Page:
UK Jewish group provides Bedouins with mobile bomb shelters

Jewish National Fund move intended to provide children with better protection from Gaza rocket fire

Bedouin women in Rahat waiting for a bus, February 16, 2014. (Hadas Parush/Flash90)
Bedouin women in Rahat waiting for a bus, February 16, 2014. (Hadas Parush/Flash90)

During Operation Protective Edge, most Bedouin Arabs in Israel’s Negev Desert found themselves without bomb shelters to escape the rocket barrages from Gaza. Now a British Jewish group, the UK chapter of the Jewish National Fund, has purchased three mobile bomb shelters for the residents of the predominantly Bedouin city of Rahat.

“Having help from organizations like JNF UK in these difficult times is vital to our communities and shows that we can work effectively and live side by side in the Negev,” Rahat Mayor Fayez Abu Sahiban said, according to a JNF press release. “A large proportion of the Bedouin population in this region lives in temporary dwellings, which means the Iron Dome [missile defense system] cannot recognize these settlements. Having mobile bomb shelters will help preserve life, particularly the lives of our children.”

The shelters measure three meters by three meters and will be placed in two local schools and a nursery. The JNF said it was especially interested in providing shelters for children, describing them as “the most vulnerable members” of the Bedouin community.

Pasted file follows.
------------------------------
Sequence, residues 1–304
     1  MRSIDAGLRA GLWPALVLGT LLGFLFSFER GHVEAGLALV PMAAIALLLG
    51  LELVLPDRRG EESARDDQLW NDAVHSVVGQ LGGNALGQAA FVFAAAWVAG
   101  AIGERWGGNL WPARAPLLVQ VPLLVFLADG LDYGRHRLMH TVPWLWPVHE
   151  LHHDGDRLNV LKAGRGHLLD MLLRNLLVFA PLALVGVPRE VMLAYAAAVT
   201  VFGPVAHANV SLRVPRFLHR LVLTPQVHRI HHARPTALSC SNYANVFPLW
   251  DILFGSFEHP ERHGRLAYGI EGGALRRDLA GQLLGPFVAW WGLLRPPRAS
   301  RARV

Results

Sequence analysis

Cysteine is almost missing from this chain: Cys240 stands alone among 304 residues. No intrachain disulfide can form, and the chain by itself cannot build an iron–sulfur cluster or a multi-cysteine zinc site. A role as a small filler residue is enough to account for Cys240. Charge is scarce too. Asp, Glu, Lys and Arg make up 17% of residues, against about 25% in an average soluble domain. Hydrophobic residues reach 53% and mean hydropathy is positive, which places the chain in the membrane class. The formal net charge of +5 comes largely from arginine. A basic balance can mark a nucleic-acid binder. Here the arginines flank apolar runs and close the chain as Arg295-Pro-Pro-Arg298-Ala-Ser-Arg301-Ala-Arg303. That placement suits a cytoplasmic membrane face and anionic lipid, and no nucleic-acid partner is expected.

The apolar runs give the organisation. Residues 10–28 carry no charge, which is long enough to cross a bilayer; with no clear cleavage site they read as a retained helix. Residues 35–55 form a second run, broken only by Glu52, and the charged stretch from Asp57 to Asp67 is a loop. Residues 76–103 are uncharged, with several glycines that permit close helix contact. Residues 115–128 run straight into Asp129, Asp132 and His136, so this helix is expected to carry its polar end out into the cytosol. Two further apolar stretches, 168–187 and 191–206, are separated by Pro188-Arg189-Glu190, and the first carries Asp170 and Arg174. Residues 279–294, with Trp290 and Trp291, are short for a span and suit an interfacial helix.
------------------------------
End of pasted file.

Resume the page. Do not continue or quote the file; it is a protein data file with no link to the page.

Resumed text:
The Bedouins who populate the Negev have historically lived migratory lifestyles. Although many have settled down in municipalities like Rahat, thousands of Bedouin Israelis continue to live as traditional nomads, an issue that often finds them at odds with government planners and local property owners.

The peripatetic nature of some Bedouins also leaves them dangerously unprotected by Iron Dome, as the anti-rocket batteries only intercept projectiles headed towards known population centers.

In July, a Bedouin man was killed and four others, including two toddlers, were injured after a rocket struck a family home in an unrecognized Bedouin village near Dimona.

According to the JNF website, the organization is involved in a number of projects with Bedouin residents, ranging from clean water initiatives to educational development.

The Bedouin Israeli population is estimated at 200,000 people and is among the country’s poorest, most disenfranchised communities. Demographers have claimed that they have the highest birthrate in the world.

The JNF has cited this, along with a number of other social issues plaguing the community, as its impetus in reaching out to Israel’s Bedouin residents.

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